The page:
Some ancient observers felt that love feasts were occasions for controversial goings-on. The second century Christian author Tertullian, writing in Carthage, suggests that some non-Christians suspected Christian love feasts of being occasions for debauchery. Both Tertullian and another second century African Christian writer, Clement of Alexandria, suggest that some participants in love feasts were prone to going over the top – indulging themselves a bit too much in the act of feasting while forgetting their modesty (whatever exactly this might mean). Scattered comments of this kind are not generally taken as a reliable source of information, but they perhaps reveal something of the sorts of rumours and comments that observers might make about those who took part in the love feast ritual.
My less than perfect memory of the meagre documentary record on ancient Christian love feasts was brought to the forefront of my mind yesterday by an unexpected source: a poem by WH Auden.
Auden is a poet I like. Apart from the crisp elegance that characterises much of his best work, there’s also his willingness to bring together contrasting moods and effects in his writing. Humour can be intermingled with seriousness, for example, and he manages to create scenes of everyday events which paradoxically convey – or try to convey – a sense of the transcendent. Likewise, what seems ephemeral can be related to what feels more permanent in his poems, and human foibles and human depths belong together, not apart, in what he has to say. In fact, he can at times seem to suggest that it is through our foibles that our depths may somehow become most visible to us.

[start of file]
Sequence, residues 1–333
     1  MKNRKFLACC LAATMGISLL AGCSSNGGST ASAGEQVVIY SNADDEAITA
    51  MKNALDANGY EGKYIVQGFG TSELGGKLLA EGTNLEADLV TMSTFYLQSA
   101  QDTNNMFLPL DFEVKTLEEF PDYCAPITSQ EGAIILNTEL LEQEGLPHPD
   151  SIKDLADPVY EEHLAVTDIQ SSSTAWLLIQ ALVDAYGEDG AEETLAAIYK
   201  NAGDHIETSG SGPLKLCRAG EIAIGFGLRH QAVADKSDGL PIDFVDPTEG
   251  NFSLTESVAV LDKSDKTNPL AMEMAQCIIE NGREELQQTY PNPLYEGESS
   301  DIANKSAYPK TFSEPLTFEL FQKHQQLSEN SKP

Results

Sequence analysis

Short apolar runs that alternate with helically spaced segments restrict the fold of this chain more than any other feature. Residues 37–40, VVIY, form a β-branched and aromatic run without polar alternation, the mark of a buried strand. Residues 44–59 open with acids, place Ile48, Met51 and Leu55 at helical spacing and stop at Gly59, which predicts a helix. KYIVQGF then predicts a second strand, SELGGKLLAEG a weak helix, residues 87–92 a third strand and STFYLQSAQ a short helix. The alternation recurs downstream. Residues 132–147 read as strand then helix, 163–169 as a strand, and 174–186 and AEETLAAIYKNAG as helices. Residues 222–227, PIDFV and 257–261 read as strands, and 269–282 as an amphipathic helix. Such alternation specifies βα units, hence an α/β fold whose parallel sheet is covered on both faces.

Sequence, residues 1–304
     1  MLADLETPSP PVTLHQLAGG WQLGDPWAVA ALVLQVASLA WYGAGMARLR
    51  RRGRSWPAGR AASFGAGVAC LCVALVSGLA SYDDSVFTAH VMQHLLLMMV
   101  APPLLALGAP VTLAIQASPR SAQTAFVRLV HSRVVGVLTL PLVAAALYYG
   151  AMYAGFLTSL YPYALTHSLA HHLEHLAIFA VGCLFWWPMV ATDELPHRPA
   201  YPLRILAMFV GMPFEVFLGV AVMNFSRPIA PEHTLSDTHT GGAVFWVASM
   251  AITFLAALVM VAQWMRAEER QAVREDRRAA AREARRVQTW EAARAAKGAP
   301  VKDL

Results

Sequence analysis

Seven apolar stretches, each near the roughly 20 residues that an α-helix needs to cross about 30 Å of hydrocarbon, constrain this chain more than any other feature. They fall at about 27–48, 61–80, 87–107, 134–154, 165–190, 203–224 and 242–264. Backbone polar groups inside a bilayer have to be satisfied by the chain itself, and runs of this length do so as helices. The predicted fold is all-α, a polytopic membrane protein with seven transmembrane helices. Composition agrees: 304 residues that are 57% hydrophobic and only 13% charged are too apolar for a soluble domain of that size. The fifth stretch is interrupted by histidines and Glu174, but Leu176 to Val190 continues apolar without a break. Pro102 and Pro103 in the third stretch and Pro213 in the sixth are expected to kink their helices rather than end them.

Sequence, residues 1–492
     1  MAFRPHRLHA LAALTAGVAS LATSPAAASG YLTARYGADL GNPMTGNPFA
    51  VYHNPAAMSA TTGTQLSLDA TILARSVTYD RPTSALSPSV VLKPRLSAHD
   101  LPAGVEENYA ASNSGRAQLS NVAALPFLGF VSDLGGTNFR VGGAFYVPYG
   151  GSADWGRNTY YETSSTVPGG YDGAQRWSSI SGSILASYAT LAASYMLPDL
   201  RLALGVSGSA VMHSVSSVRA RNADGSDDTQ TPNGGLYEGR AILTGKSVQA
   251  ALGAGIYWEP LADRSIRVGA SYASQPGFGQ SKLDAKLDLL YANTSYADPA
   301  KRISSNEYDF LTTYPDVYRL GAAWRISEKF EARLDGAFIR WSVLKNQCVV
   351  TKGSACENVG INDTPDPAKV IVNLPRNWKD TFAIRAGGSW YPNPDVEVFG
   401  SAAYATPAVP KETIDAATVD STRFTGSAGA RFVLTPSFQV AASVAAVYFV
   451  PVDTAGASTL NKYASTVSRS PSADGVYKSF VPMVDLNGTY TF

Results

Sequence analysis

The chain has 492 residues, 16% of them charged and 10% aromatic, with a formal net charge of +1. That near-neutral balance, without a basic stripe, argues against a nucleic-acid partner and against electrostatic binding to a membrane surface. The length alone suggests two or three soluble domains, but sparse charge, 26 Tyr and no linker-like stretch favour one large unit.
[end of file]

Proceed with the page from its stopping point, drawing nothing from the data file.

The overall effect of such juxtapositions, I think, is to produce a poetry that is at once fully engaged with the quotidian ordinariness of so much human activity, while at the same time capable of finding mysteriousness, beauty and profundity in that very same ordinariness. The Love Feast, a poem which directly references the world of early Christian ritual, is for me a clear example of this:
In an upper room at midnight
See us gathered on behalf
Of love according to the gospel
Of the radio-phonograph.
Lou is telling Anne what Molly
Said to Mark behind her back;
Jack likes Jill who worships George
Who has the hots for Jack.
Catechumens make their entrance;
Steep enthusiastic eyes
Flicker after tits and baskets;
Someone vomits; someone cries.
Willy cannot bear his father,
Lilian is afraid of kids;
The Love that rules the sun and stars
Permits what He forbids.
Adrian’s pleasure-loving dachshund
In a sinner’s lap lies curled;
Drunken absent-minded fingers
Pat a sinless world.
Who is Jenny lying to
In her call, Collect, to Rome?
The Love that made her out of nothing
Tells me to go home.
But that Miss Number in the corner
Playing hard to get. . . .
I am sorry I’m not sorry . . .
Make me chaste, Lord, but not yet.